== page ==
We love a good comparison test here at MotoringFile, especially when the MINI gets its due as a driver’s car – especially the Cooper. While MINI doesn’t always come out on top in these small car shoot outs, it’s always interesting to see how the automotive press compares the Cooper to its rivals. This month, Motor Trend published a story pitting the MINI against the Scion tC, Honda CR-Z, Volkswagen Beetle, Hyundai Veloster, and of course, the Fiat 500. These, as the misfit group of the automotive world — the odd balls. Spoiler alert, MINI came out on top.

If you haven’t heard, MINIs are really fun to drive. That doesn’t just apply to the turbocharged S model, either. Much to our delight, the base MINI is no penalty box. Instead, it was the unanimous winner. Despite being one of the least-powerful cars here, the MINI laid down the second-fastest 0-60 time and the best stopping and skidpad performance by far, and still pulled off the second-best observed fuel economy, losing to the hybrid CR-Z by a tenth of an mpg. To top it off, despite a well-earned reputation for pricey options, the MINI wasn’t the most expensive car here.

It’s refreshing to see someone outside the enthusiast community recognize the sweet spot the MINI lands in. Speed, cornering, style and fuel economy. Look outside the MINI brand, you usually end up compromising something. You’ll trade economy for speed, cornering for more ride comfort, or simplicity for character. But the one thing that we were happy to see mentioned is the steering. Within the MINI Community there’s been some complaints about the current generation’s electric steering versus the previous. While we’ve always maintained there’s about a 10% loss of feel, it’s still one of the best front wheel drive systems out there for feedback, weight and control. And it would seem Motor Trend agrees as well.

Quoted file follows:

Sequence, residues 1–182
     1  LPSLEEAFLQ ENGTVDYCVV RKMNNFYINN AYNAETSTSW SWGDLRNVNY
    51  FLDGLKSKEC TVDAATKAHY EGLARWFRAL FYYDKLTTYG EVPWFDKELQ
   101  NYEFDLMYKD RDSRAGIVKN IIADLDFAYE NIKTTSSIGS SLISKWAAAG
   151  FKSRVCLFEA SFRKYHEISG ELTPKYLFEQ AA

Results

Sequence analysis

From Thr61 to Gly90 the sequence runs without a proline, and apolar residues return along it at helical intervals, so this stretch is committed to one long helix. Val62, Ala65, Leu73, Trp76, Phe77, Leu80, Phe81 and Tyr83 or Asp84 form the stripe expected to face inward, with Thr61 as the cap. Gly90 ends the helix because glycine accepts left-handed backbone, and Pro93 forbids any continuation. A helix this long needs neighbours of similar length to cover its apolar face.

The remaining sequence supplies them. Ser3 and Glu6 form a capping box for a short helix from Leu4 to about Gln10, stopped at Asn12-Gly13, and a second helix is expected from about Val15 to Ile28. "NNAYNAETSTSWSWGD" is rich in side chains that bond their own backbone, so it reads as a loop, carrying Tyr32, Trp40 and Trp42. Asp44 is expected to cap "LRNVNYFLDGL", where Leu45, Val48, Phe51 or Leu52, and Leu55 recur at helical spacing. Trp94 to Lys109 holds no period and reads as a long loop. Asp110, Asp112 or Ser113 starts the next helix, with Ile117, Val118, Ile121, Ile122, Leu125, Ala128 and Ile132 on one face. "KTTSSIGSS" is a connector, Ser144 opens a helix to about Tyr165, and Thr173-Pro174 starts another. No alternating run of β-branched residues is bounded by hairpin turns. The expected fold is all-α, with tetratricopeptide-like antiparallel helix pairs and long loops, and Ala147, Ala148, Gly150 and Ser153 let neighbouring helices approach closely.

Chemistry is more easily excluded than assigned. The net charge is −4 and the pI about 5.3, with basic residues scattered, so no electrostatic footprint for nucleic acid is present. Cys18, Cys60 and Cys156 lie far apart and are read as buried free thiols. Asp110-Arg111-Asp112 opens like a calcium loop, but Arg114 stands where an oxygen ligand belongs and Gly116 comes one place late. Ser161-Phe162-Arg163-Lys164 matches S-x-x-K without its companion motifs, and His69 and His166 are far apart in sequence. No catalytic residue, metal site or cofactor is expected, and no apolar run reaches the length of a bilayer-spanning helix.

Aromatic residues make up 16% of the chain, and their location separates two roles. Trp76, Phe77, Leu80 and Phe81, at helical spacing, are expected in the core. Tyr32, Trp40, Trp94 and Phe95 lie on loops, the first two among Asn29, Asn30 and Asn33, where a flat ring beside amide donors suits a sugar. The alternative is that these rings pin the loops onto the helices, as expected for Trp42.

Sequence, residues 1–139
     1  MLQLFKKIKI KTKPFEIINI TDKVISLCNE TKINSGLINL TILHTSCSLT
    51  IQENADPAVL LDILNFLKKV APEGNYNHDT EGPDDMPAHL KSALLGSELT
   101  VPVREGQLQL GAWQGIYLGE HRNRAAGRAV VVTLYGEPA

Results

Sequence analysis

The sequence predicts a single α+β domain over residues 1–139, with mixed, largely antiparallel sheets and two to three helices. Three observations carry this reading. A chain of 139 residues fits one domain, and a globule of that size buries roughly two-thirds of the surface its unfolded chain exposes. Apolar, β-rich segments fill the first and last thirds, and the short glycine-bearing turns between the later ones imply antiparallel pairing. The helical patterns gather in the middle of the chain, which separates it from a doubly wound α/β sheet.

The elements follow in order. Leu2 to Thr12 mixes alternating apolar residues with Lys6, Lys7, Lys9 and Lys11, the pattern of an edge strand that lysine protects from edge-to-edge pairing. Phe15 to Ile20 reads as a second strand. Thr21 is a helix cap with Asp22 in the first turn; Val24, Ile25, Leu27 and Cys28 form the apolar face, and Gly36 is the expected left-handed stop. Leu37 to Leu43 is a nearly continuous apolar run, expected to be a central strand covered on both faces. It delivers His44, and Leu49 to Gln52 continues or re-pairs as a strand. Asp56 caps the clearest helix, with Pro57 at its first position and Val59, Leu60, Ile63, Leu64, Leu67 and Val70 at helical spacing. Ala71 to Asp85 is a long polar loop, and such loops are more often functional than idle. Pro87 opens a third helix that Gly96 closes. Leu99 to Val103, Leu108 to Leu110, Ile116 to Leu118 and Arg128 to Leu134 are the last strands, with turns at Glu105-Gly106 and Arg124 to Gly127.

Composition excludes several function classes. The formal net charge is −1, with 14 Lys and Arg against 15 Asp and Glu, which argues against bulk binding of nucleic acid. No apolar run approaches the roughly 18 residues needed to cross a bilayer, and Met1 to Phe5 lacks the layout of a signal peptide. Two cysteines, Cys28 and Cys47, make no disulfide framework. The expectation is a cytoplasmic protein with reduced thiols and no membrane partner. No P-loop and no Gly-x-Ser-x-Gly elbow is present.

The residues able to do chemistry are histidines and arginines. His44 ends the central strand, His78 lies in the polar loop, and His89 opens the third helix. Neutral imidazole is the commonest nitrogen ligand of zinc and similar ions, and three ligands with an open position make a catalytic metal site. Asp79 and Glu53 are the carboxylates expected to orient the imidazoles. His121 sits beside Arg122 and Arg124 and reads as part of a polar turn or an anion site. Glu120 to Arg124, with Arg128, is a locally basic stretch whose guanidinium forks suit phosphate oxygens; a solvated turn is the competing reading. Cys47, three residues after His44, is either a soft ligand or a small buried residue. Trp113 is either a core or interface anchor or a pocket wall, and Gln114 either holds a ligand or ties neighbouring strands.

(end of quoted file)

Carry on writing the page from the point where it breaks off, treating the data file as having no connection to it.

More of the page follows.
Of course, it’s not all praise. Motor Trend had the typical car tester complaints when it comes to the MINI.

Of course, there are some drawbacks. You either love or hate the MINI interior, and its oddball ergonomics had more critics than defenders. Detractors conceded you’d probably get used to them. There’s also the issue of the cargo capacity, or lack thereof. The smallest trunk of the bunch (yes, even smaller than the Fiat’s) came under fire for its serious lack of practicality, but the tradeoff of useable back seats helped offset it.

As often happens, the MINI came out on top because of its driving dynamics. The things that make the MINI what it is aren’t in the specs you find on paper. It’s the experience behind the wheel.

The MINI won, of course, with its driving. The one-two punch of smart gearing and a thick power band make the most of the available power, and they’re accessed via a precise shifter and well-positioned pedals. The real magic comes from the solid chassis, sport-tuned suspension, and direct, communicative steering. To be fair, our tester was optioned with larger wheels and better tires and an electronic limited-slip differential, but these wouldn’t affect the handling enough to take the MINI out of first. MINI’s dedication to the driver pays off in handling that trounced the field, albeit at the price of a harsh ride on rough pavement. Unlike some other contenders, though, you feel like you’re getting something in return for your chattering teeth.

Check out the full story, included how the rest of the competition faired in the hands of Motor Trend’s drivers over at their website.

[Source: Motor Trend]